Opposition-Defiant Disorder-KG, “KGB is a behavioral disorder in children and adolescents. The disobedience of the child or adolescent to a normal degree is manifested by his arguments and his attitude towards the family. En ELELE Child and Family Psychological Counseling Development and Education Center Specialist Clinical Psychologist Sedef Aksoy, tells the curious about the subject.
KGB is a behavioral disorder in children and adolescents. The child's or adolescent's disobedience to his / her normal age is manifested by his / her argumentative attitude and his / her resistance to the family.
Many children and adolescents exhibit this type of counteracting behavior in their developmental process, to a certain extent normal. However, in children and adolescents who are diagnosed with KGB, this type of behavior lasts longer and reaches more serious dimensions than normal and reaches impressive dimensions in relation to the life and environment of the child or adolescent.
What about your child's behavioral disorders so advanced that you will be diagnosed with KGB?
Let's get to know the discomfort a little more to understand that. Children and adolescents with this diagnosis refuse to follow the rules set by adults and exhibit stubbornness. In addition to being disobedient, they quickly become angry, cry easily, and often have an angry and incapable attitude. They are likely to have frequent arguments and have difficulty controlling their anger during the argument. In general, they do not recognize a problem in themselves, blaming others for their own mistakes, especially authority figures such as parents, teachers or teachers. These children and adolescents may also be impatient and intolerant towards their families.
Adolescents diagnosed as KGB, unlike children, may be inclined to deliberately incite and provoke others. They may exhibit an attitude aimed at the opposite side in defect-finding, annoying, critical attitudes. Again, this attitude is aimed at parents or teachers in general and may impose patience.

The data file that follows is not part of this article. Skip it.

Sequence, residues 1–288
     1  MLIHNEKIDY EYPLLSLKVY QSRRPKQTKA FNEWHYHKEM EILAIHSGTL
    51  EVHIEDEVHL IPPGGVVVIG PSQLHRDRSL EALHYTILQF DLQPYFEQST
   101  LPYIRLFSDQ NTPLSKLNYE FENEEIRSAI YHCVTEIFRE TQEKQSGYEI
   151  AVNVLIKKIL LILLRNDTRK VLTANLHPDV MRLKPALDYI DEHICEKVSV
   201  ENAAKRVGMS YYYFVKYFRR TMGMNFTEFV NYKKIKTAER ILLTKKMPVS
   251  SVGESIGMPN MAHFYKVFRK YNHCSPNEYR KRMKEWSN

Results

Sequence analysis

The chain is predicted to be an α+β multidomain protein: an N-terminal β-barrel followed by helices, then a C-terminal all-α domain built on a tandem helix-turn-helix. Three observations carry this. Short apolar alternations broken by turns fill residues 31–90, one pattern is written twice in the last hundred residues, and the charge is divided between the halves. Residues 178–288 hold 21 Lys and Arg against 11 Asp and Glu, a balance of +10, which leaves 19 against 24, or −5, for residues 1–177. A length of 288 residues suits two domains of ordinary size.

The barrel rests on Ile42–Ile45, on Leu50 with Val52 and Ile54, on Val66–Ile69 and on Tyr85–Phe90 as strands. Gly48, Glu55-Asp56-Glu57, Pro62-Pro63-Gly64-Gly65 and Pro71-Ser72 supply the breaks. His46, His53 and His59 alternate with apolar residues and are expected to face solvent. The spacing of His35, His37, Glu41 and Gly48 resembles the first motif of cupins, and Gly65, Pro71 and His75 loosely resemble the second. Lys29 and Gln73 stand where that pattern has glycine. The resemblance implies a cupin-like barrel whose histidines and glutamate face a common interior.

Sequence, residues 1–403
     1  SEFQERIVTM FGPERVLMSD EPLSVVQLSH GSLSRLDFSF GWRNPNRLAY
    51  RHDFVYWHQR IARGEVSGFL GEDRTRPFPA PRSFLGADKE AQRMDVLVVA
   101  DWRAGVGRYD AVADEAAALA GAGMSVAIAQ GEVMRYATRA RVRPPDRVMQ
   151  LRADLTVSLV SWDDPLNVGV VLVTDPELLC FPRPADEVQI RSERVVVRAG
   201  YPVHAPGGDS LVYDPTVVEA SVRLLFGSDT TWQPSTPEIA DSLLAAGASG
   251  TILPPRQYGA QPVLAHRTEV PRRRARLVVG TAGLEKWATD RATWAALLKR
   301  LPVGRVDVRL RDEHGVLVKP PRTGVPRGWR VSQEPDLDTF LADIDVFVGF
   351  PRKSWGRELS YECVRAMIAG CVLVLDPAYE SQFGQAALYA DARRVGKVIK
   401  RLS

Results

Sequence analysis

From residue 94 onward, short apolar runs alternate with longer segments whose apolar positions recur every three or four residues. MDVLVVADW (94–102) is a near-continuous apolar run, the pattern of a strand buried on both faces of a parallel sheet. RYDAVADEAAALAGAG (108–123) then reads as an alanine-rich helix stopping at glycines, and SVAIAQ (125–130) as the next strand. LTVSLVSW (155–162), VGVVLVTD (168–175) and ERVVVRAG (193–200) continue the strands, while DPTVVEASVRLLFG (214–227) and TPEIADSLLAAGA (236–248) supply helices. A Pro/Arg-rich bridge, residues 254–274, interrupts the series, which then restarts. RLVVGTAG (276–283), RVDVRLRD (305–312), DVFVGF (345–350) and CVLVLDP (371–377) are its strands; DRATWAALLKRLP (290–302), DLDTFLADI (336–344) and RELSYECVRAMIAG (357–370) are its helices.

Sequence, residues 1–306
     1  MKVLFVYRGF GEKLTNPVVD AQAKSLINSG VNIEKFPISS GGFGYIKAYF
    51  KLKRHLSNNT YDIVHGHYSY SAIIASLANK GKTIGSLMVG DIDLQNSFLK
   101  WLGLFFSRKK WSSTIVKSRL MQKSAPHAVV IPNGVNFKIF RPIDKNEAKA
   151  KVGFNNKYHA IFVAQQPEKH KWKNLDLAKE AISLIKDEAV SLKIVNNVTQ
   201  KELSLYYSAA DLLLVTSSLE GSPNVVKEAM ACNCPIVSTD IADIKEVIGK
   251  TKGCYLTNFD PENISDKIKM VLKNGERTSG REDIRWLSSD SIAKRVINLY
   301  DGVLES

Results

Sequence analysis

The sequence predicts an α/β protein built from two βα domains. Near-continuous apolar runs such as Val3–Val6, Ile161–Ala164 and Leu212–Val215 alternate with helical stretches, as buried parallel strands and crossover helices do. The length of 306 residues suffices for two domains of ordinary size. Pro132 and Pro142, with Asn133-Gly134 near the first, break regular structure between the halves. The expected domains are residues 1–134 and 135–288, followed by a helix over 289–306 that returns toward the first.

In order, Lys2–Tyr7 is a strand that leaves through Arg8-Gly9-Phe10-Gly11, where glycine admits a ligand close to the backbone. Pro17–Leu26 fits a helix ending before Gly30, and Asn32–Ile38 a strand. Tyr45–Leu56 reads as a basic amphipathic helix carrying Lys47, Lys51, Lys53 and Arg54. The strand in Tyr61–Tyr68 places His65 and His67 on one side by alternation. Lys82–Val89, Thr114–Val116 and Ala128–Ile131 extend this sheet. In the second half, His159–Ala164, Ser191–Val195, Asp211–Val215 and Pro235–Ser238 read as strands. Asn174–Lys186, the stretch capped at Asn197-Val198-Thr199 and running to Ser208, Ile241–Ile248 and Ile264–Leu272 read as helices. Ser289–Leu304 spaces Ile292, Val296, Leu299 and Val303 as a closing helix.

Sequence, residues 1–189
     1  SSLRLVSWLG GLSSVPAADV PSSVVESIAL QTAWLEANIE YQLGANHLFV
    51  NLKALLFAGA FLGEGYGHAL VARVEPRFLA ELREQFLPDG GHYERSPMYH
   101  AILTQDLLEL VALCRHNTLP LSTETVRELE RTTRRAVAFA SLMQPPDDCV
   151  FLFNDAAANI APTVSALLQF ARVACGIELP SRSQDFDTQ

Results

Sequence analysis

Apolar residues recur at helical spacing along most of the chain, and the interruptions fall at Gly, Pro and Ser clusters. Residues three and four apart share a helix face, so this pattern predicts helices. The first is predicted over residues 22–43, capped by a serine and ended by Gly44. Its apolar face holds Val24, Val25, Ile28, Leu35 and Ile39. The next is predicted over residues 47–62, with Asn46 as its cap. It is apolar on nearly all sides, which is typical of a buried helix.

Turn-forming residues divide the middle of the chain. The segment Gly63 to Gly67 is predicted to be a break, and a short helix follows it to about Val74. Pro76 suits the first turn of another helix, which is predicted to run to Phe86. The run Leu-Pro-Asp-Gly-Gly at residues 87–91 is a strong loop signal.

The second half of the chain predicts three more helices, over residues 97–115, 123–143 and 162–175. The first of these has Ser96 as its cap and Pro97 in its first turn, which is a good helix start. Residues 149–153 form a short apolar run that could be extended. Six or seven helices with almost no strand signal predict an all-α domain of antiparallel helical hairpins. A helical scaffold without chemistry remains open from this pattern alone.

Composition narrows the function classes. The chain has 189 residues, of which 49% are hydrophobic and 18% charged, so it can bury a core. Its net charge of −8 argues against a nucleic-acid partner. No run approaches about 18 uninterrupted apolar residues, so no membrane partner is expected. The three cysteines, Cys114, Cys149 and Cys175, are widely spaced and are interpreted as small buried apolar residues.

According to DSM-IV, the diagnostic criteria of KGB are as follows:
● Frequent raging
● Having frequent discussions with adults
● Disobeying and rejecting adult requests
● The desire to aggravate and provoke others
● Blame others for his own negative behavior
● Easy irritation
● Easy offense and resentment
● Grudge and revenge
Children and adolescents who have at least four of the above behaviors for six months are considered to have this disorder.
Although the reasons are not fully understood, the KGB is thought to have arisen from the internalization of the negative interaction in human relations. There are theories that the methods used by parents and other authority figures affect the behavior of children and adolescents.
It is thought that KGB occurs more frequently in family settings where certain factors exist. One of these factors is that the rules set by the family are too harsh, too loose or unstable. Another factor is the inconsistent application of these rules and discipline by the family. In addition, studies have shown that at least one parent in the families of children diagnosed with KGB is a negative example of a child or adolescent, with opposing attitudes in their own relationships. Likewise, in these families, at least one parent is not emotionally or physically intimate with the child due to his or her own problems.
Some theories argue that there may be a genetic factor in KGB. However, most of the researches show that this discomfort seen in families may be caused by common breeding patterns that pass from generation to generation rather than genes.
Both the child or adolescent and the family play an important role in the treatment process of KGB. Considering that KGB is a behavioral disorder seen in children and adolescents, the goal of the treatment is to eliminate the negative and harmful behaviors of the child and to ensure that he / she learns the right behaviors and starts to use them in his / her social relationships. In this way, the child's relationship with the environment and especially with the family to improve and maintain.
The family also has important duties in the treatment process. The rules of the family and their consistency, and the awareness of children about their behavior, play an important role in the treatment of this condition. In this context, ideal treatment should be a process involving both cognitive behavioral methods and family therapy. It is also important to keep in mind that children and adolescents with such behavioral disorders can be diagnosed early, and that long-term and efficient outcomes can be achieved even if no visible results are obtained at first.
ELELE Child and Family Counseling Development and Education Center
(212) 223 91 07
1) American Psychiatric Association. (2000). Diagnostic and Statistical Manual of Mental Disorders (DSM-IV-TR). American Psychiatric Pub, Inc.